It's hard to believe that not long ago, The Big Three was simple language for General Motors, Ford, and Chrysler. But with strong competition from brands ranging from Kia to Toyota, The Big Three morphed into The Detroit Three, an arguably incorrect term given Chrysler's ownership by Germany's Daimler-Benz at the time.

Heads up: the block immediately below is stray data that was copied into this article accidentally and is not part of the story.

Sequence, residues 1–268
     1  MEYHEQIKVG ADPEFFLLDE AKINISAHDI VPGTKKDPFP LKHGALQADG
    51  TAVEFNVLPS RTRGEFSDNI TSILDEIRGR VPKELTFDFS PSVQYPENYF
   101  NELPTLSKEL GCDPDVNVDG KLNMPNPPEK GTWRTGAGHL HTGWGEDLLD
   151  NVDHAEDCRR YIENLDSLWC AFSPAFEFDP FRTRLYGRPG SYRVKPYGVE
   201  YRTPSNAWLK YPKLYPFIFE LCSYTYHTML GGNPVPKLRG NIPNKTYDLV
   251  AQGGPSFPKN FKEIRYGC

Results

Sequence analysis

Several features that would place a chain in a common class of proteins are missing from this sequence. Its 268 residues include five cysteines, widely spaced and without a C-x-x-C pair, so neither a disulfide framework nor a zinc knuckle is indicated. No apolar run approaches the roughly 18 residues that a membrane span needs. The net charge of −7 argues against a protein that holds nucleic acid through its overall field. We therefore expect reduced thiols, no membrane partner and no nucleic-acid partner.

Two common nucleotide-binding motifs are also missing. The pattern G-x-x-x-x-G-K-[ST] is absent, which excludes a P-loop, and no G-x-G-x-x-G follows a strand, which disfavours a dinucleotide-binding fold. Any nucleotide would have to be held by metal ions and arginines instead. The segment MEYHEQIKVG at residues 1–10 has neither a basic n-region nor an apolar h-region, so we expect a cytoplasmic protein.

Chrysler benefited somewhat from its role in the new DaimlerChrysler venture, namely in the development of its hot-selling Chrysler 300 sedan and capable but overpriced Chrysler Crossfire. However, the union failed to live up to expectations, and Chrysler was sold to Cerberus Capital Management. With the sale went a number of recognized nameplates including the Chrysler Sebring sedan, the Chrysler Sebring convertible, the Chrysler Pacifica, and the Chrysler minivan known as the Town & Country. Cerberus also took ownership of the retro-styled Chrysler PT Cruiser and the Chrysler Aspen, which is essentially a rebadged Dodge Durango with minor tweaks. Despite covering each of its vehicles with a unique lifetime powertrain warranty backed by Chrysler Mopar parts, that lineup continues to relegate Chrysler to third place among the so-called Detroit Three.